With the .40, the bullet diameter looks good, the bullet weight range has appeal, and velocities across that weight range appear effective. I have several 9mm pistols and while that cartridge is fully adequate, given a good load, it is mundane and ho-hum in my opinion.


    Some answers the .40 S&W could be said to have regarding the claims made against it.


    -It'll never be weaker than the 9mm.

    -It doesn't kick too hard unless one is awfully recoil sensitive or else is a disciple of "spray&pray." .40 shot recovery time is overstressed.

    -Cost is relative. There's not much difference in the overall scheme of things, and the handloader easily circumvents the cost factor.

    -It slings heavier, larger diameter bullets than the 9mm for a start.

    -Pistols can be had with a higher ammo capacity in .40 than may be stuffed in most .45s.

    -I for one, asked the question of "why not a .40" back in the 1970s so "the answer to the question that no one asked" doesn't cut it.


    It's certain that I'm not the only one who thought it'd be just a pretty good idea. In fact, I think the 9mm ought to suffer a bit from competition with the .40 S&W in the marketplace. A .40 appears to be a thoughtful choice rather than just jumping on the bandwagon with the crowd. If I had to be shut up in a darkened room with a mad gorilla I know which one I'd pick and "9" would be conspicuous by its absence from the caliber designation.

    Anyway, the .40 S&W looks like it might just be the best pistol cartridge I never had.
    I am going to ask a question regarding the statement above. Please give it serious consideration before answering.

    If the 40S&W is as intriguing and useful as you believe, WHY haven't you gotten around to it before this?

    Is it because of one or all of those reasons you mentioned that "bashers" use? Is it because you have other calibers that accomplish the same task without having to "suffer" any of the negative qualities of the 40S&W?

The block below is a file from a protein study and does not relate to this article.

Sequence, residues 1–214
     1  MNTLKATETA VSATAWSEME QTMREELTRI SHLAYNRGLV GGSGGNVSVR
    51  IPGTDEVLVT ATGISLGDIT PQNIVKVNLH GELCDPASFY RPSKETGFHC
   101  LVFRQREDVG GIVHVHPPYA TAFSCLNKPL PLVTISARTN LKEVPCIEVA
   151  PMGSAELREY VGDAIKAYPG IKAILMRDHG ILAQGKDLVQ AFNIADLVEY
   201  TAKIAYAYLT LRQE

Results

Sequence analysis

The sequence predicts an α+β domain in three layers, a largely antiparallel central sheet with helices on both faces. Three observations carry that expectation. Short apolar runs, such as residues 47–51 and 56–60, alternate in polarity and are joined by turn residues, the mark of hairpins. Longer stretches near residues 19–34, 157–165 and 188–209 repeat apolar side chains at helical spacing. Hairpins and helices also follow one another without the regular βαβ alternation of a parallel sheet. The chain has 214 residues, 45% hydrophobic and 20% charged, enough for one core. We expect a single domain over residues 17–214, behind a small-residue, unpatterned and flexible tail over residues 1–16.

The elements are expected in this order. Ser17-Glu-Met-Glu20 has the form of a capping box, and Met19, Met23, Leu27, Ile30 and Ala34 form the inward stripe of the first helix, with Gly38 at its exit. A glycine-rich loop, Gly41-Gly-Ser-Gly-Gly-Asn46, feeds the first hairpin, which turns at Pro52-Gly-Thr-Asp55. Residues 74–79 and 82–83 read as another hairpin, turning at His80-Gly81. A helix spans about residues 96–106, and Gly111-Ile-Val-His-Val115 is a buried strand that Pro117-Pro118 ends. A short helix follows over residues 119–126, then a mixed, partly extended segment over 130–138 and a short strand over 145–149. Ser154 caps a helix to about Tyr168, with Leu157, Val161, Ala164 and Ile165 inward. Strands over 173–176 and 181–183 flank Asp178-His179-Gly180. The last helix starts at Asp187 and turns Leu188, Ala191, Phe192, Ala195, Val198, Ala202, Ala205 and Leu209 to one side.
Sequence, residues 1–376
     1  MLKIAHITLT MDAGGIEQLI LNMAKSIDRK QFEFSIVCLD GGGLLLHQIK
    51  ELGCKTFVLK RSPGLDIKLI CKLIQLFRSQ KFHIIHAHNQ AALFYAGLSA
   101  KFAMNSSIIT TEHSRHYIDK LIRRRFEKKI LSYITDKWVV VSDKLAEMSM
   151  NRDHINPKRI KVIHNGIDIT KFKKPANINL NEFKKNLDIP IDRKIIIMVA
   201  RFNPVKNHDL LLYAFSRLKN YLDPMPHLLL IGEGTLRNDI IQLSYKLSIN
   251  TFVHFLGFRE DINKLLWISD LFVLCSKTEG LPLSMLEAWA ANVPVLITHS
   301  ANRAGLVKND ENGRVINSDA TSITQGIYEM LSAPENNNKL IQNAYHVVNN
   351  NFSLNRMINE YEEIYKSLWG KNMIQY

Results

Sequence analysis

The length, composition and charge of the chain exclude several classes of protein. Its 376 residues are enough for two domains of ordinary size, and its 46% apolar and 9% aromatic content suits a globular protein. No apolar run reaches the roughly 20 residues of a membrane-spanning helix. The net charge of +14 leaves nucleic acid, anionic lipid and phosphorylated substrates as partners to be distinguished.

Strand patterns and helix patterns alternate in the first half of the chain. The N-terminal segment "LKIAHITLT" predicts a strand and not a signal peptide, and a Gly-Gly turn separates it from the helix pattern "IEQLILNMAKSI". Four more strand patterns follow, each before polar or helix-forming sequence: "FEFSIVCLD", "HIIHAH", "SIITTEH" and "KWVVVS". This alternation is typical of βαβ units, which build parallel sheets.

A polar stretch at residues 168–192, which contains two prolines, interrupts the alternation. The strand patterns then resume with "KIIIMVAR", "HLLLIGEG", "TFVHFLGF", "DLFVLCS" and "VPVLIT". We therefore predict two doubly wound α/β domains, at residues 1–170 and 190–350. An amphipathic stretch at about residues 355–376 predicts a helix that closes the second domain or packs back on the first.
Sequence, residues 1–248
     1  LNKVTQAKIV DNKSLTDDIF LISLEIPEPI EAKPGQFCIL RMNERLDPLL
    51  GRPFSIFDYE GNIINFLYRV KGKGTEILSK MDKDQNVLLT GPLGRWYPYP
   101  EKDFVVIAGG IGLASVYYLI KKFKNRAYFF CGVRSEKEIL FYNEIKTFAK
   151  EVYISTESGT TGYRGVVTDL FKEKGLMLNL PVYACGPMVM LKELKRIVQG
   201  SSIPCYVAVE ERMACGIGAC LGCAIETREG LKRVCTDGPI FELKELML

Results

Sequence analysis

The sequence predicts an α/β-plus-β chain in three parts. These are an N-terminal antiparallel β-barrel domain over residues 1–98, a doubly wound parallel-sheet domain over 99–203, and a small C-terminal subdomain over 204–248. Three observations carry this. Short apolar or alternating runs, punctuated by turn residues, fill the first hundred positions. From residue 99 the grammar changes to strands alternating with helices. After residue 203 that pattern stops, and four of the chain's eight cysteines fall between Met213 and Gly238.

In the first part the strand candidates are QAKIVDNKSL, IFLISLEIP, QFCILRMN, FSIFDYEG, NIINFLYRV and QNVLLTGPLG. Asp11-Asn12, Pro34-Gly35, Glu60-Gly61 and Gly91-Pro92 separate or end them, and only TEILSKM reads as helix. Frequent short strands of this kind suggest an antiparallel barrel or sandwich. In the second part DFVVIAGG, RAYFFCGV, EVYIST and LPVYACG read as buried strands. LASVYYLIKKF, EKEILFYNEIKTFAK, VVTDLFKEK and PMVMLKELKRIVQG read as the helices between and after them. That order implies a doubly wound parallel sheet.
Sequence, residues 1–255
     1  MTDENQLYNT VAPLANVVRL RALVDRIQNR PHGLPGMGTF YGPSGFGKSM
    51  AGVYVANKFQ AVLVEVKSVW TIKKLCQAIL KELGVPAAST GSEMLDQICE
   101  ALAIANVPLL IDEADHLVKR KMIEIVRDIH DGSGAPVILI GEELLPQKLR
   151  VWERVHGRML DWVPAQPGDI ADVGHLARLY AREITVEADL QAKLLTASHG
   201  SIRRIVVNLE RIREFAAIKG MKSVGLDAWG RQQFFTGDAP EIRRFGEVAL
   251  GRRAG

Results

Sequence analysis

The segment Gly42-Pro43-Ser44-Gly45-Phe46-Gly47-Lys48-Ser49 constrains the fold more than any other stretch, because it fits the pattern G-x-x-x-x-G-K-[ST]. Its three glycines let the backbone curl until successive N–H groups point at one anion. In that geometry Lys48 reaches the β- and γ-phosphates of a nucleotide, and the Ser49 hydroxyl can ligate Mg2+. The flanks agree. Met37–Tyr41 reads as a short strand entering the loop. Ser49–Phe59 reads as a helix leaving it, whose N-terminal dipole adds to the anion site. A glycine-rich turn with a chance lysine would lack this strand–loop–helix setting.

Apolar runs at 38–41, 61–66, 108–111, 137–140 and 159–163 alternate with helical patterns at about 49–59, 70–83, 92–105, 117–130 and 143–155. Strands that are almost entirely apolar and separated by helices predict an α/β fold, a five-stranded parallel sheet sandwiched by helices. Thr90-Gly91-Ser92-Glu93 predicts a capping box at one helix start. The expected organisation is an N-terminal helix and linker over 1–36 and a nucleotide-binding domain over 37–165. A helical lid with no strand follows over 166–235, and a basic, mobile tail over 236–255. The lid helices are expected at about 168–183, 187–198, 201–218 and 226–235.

This is not to "bash" the caliber. Like you, I do not own one either. I do not really flinch when shooting it, but, rather, I tend to BLINK. It is involuntary and I have never been able to stop myself. I still hit what I am aiming at, but my recovery time suffers. I don't have this problem with 9mm, .45ACP, .38 or even .357.
    If you have never broken your gun or bled on your gun in training, you're doing it wrong!
    Train hard, live easy.

  13. #13
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    Bryon, I like the 40. However, I believe the 180 weight bullets are too heavy for the cartridge. I believe it is most efficient with bullets ranging from 155-165.

    Unique powder works very well. I get about 950 fps with 6.5 grains under a 155 weight bullet.

    The problem with picking up 40 " range brass" is the " Glock bulge" near the bottom of the case, that will not come out with a normal sizing die.

    It is neither fish nor foul. I can understand why some have no use for it. But it is a pretty good " tweener".
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  14. #14
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    I have been shooting long enough that I don't even notice the recoil unless its from a .357 snubby. I like the .40, and think that it has the best of both worlds between the 9 and 45. The .40 S&W can be loaded to shoot light/fast, or heavy/slow. I think that if the recoil of any pistol is too much for you, then you haven't practiced enough. I don't care for the 9mm spray and pray mentality. I would rather take an extra half second to get off one shot through the heart than spray a whole mag and want my bullet back after it hits a bystander.

    I don't care too much about the .40 ammo being a little more expensive. My/familys life is worth it. I think you should shoot the most powerful handgun that you can carry regardless of cost.
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    My .02 on the .40

    It's chambered in 9mm sized platforms and beats those platforms harder than does the 9mm accelerating wear and tear, it reduces magazine capacity, increases muzzle flip and perceived recoil. All with no increase in terminal ballistics over the 9mm when using ammunition which passes the FBI protocol. The only place it out preforms the 9mm is with ball ammo which no one really uses. Again just my .02.